Thursday, October 4, 2012

Stephan Langdon

Mr. Bubble: that's my first thought  when I hear tragedy of the commons.

I live in Bogota -- known as the city 2600 meters closer to the stars. A beautiful place. Its endowed with towering eucalyptus, cerulean skies,  ample rain, and Saltos Tequendama -- Tequendama Falls.  Traditionally, it was the location where jilted lovers launched themselves to their deaths. In the early part of the 20th century, Tequendama Falls became the Niagra Falls of Colombia -- the in place for newlyweds to consummate their first night of marriage. These days, its know for the amonia smell, the toxic vapor that takes the paint of hotels that once greeted newlyweds, and a this flow of bubbles that float on top of the river.

Upstream from the falls, tanners dump the waste of their trade -- lime, chromium sulphat, Sulphuric acid and so on -- into the stream creating a stew of pollution that produces a towering mountain of bubbles -- not too much smaller than those towering mountains of Mr. Bubble I bathed in as a child.

The analogy of Bogota is not an exact analogy of the tragedy of the commons ( but it might keep these SWEET scholars reading ). However, it does illustrate a unique point: why, when faced with public ownership of a resource , why do users let it go to waste ? Why do users abuse a collective resource value the common benefit? And would private ownership improve the condition of a collective resource -- in this case the Bogota River

As our  Sweet scholar rephrase the argument about the tragedy of the commons, the concept goes that if collective grazing of the pasture is allowed, the pasture is likely to become overgrazed, overused, and eventually worthless. Another take might be, as the pasture is collectively owned, members of the community might not take care of it because, "Well, it’s the responsibility of that guy over there . . . He uses it too, damn it."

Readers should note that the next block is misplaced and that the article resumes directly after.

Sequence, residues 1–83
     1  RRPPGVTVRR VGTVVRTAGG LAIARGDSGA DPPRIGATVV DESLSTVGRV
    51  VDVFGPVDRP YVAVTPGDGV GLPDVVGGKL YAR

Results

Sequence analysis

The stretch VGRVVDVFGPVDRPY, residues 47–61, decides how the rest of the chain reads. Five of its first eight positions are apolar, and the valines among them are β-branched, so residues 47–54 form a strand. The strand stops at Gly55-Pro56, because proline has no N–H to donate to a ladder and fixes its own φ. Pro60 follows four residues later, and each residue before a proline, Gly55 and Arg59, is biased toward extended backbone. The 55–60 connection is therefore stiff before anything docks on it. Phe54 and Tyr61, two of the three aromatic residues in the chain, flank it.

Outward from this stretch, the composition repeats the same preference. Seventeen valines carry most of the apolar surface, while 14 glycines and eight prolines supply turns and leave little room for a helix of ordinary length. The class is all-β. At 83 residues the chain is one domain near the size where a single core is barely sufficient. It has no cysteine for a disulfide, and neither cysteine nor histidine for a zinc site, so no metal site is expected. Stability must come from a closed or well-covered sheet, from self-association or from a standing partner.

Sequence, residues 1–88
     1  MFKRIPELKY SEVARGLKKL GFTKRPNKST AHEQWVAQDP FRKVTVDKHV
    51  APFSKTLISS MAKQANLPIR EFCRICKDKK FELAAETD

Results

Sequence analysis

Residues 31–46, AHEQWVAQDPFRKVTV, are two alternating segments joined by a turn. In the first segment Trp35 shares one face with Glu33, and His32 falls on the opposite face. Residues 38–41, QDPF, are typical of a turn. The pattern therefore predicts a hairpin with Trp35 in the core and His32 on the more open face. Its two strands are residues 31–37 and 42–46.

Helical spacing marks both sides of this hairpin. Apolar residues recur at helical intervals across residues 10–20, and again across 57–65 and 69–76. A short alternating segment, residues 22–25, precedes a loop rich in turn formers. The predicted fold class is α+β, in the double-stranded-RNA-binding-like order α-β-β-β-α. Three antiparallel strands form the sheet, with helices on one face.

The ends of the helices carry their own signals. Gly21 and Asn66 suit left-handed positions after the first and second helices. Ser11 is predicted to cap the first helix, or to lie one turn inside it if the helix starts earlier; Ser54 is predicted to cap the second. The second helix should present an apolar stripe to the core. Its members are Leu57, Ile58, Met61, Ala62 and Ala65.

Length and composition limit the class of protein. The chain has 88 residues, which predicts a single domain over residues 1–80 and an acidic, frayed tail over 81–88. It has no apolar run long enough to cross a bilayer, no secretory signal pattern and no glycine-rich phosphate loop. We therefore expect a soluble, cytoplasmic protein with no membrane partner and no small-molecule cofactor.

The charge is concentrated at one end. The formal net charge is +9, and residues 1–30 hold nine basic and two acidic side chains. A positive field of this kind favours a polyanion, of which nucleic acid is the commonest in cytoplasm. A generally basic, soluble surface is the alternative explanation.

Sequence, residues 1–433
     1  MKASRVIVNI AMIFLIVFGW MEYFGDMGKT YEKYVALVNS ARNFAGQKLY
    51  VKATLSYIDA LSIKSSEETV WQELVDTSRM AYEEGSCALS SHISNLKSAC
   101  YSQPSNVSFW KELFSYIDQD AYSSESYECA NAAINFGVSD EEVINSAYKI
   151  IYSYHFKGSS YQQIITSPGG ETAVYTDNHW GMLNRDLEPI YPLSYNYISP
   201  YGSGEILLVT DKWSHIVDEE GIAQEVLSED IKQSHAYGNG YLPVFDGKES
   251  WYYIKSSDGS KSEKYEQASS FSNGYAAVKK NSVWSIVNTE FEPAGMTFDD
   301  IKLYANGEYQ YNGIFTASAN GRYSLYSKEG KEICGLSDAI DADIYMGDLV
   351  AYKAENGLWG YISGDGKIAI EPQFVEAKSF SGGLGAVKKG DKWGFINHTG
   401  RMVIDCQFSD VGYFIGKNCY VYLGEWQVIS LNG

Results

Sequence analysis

However, in a world of private property, if ranchers own the land individually, each rancher will be more likely to take care of the pasture because they have a personal responsibility and a personal stake in its upkeep. Added to this come positive externalities: pride of ownership, individual value creation, and personal identity. Face it, if a rancher owns a spread, the condition of the ranch becomes a reflection of the type of person the rancher is. Thus, for a number of reasons, the pasture is kept up, or even improved. 

I can buy this argument. For me, this  outline of the tragedy of the commons has intuitive merit.

My concern arises when the common is not parceled out among individuals, rather, when the commons are split up by corporations and collectives -- groups that at times can lack a stake or even an identity within the collective they own. For better or worse, we live in a world in which our life is been hacked out bout by collective concerns: IBM, Exxon, General Electric, Facebook, the Catholic Church, and so many other collectives. These are the great owners of land, environment, and even the digital commons. An individual might care for a parcel of land because it is part of his personal wealth and identity. Can we say the same for a corporation?